Archive for January, 2013


* Less is more at annual meets

China Daily: “Fewer staff, shorter speeches, modest dinners and less printing ― meetings of local legislators and political advisers across China are getting slimmer, simpler and greener.

Less is more at annual meets

Having cut down on the number of staff members involved in the Shanghai People’s Congress by 20 percent from last year’s meeting, the organizer also reduced spending on food and accessories.

“The budget for the first meeting of the 14th Shanghai People’s Congress was nearly 18 percent lower than last year,” said Ni Yinliang, a senior officer of the organizing office of the congress.

The suggested length of speeches is eight minutes in most regions of the country.

“I’ve noticed that the majority of deputies gave shorter speeches in discussions with better quality advice, which enables us to finish the meetings on time and leaves more time to submit our written comments and proposals,” said Zhuang Shaoqin, a Shanghai lawmaker and head of the city’s Fengxian district.

Similarly in Shanxi province, the number of attendees for this year’s two sessions decreased by 144 and the number of staff members was cut by 295, and the length of the congress was reduced from eight days to six and half days, said Ma Wei, director of the organization department of the Chinese People’s Political Consultative Conference‘s Shanxi committee.

Decorations for meetings across the country have been simplified.

Fewer fresh flowers were seen, and red carpets were not rolled out to welcome meeting participants in many regions including Shanghai and Guizhou province.

Shanghai and Shanxi suggested participants use public transport and arranged 15 direct shuttles to travel between subway stations and meeting venues.

No police cars were deployed to escort vehicles carrying meeting participants, and traffic was not suspended to make way for them.

“I’ve taken the subway since the first day of the congress, and I’ve found a great many of deputies have done the same thing in the past four days,” said Wu Jiang, a Shanghai lawmaker.

Many provinces and cities are using online systems to reduce printing.

Shanghai continued its operation of the online submitting system and sent out e-copies of documents to the deputies instead of printing them out.

Wu added that he is very satisfied with the online submitting system of written comments and proposals, which is convenient and saves energy and resources.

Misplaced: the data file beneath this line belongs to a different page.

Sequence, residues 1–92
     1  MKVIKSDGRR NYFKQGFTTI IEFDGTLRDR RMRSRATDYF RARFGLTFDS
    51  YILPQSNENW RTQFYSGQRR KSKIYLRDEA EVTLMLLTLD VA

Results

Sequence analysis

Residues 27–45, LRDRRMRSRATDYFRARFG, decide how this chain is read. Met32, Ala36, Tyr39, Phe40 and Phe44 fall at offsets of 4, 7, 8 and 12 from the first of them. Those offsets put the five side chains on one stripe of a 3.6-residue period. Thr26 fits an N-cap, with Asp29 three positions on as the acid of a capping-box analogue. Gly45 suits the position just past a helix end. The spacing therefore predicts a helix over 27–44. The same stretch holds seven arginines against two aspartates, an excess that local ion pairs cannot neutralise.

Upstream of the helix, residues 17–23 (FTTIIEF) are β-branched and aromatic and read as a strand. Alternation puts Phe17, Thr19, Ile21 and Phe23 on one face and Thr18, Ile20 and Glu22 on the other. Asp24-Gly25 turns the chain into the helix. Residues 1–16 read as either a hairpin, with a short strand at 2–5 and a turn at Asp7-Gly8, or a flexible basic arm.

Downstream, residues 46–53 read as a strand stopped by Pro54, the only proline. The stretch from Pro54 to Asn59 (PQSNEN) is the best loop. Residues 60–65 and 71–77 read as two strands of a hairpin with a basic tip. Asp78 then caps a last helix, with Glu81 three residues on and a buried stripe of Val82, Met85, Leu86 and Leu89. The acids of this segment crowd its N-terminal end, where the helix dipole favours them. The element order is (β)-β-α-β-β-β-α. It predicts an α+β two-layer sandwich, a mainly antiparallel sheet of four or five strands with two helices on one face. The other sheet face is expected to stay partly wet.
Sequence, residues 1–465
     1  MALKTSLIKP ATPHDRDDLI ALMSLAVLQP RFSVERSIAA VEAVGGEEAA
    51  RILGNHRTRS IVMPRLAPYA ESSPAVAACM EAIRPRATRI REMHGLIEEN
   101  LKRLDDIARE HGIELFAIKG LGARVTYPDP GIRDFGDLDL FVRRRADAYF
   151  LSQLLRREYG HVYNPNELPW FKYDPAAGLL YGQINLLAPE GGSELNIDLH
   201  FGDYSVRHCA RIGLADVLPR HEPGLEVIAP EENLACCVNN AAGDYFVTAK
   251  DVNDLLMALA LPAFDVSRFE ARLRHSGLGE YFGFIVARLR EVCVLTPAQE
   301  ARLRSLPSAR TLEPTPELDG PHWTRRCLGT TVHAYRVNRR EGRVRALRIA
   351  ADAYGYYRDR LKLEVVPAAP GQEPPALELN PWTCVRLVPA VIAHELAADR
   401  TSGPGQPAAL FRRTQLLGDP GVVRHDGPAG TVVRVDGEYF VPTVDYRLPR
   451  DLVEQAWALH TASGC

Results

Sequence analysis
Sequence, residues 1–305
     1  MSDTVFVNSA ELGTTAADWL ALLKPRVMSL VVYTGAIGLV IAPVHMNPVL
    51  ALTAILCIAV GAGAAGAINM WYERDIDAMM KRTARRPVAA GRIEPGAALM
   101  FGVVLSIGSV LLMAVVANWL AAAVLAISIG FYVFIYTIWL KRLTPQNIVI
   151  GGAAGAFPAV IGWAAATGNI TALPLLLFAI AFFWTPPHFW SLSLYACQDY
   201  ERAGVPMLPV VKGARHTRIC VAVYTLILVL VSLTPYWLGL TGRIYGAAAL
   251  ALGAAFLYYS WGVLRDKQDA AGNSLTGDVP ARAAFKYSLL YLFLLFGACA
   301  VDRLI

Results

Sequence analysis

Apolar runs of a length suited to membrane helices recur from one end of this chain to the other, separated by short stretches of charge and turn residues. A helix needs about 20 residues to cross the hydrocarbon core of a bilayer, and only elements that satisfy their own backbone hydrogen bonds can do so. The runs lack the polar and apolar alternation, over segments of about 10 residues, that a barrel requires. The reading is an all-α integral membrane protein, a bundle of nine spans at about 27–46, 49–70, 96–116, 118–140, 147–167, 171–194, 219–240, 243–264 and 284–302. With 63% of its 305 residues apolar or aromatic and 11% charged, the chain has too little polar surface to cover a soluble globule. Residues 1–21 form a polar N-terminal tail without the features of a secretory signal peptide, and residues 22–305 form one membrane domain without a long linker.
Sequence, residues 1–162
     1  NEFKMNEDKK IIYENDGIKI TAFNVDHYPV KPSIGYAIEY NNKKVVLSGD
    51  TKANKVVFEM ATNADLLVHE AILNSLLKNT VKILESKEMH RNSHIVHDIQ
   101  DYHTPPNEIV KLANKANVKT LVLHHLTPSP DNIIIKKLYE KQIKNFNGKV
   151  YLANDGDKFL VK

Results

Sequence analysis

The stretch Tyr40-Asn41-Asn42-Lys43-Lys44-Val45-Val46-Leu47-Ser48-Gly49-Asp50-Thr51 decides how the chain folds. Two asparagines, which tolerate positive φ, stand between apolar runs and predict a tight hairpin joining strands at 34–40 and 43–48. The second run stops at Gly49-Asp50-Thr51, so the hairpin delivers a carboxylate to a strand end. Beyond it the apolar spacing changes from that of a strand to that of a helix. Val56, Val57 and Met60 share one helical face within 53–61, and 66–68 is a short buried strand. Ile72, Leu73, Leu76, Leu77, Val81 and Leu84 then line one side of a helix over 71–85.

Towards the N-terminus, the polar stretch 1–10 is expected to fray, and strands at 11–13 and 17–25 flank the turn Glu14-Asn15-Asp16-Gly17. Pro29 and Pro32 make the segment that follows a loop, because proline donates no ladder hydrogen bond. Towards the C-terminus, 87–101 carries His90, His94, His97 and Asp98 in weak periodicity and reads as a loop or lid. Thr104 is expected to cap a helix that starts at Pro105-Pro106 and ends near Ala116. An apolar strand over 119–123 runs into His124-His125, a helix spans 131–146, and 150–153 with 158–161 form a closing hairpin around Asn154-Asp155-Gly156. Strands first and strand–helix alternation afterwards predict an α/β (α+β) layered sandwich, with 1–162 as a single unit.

The online system has also been applied in other places including Tianjin and Guizhou.

In Tianjin, more lawmakers and political advisers have become aware of using both sides of a piece of paper while taking notes, reported.

In addition, dining expenses have been reduced.

The organizer of Shanghai People’s Congress session offered only six hot dishes served buffet style.

“The buffet allows us to choose what we like and avoid the unnecessary waste of food, which is a very wise decision,” said Shanghai lawmaker Zhuang.

In Guizhou, meeting participants are served with hot water instead of tea.

“Replacing the tea with hot water will definitely minimize the costs of labor and materials,” said Wang Shaoer, a member of the provincial political advisory body.

Hebei province has come up with another way to save resources.

Passes that are valid for five years were given to deputies and committee members.

Passes will be kept by the organizers after the first-year congress and be reused for the following four years. Lawmakers and political advisers serve five-year terms. They used to be given a new pass each year.”

via Less is more at annual meets |Politics |


I wonder if the map is complete. It seems to indicate there are no major military units to the West of 100 degrees East, namely none in Xinjiang, Tibet, Qinghai and Gansu; nor any in the far north, namely none in Inner Mongolia and Heilongjiang. Some Muslims in Xinjiang and Tibetans in Tibet, Qinghai and Gansu have been known to be anti-central government. And, in the past, there have been confrontations with Russian army units up north.

Of course, I am forgetting the 1.5m People’s Armed Police.  Maybe that’s where they are mainly posted.

China Daily Mail

Chinese ArmiesSince 1949, the People’s Republic of China has made a big secret about their PLA military units. Now the Chinese leadership reveals exact details – in the middle of the escalating island dispute with Japan.

Neither the state security nor the counter intelligence intervened. For the first time since 1949, The Beijing newspaper “Beijing Wanbao” was allowed to reveal uncensored where China’s 2.3 million soldiers are stationed. It printed a map showing the names of all 18 locations and the number codes of all 18 armies.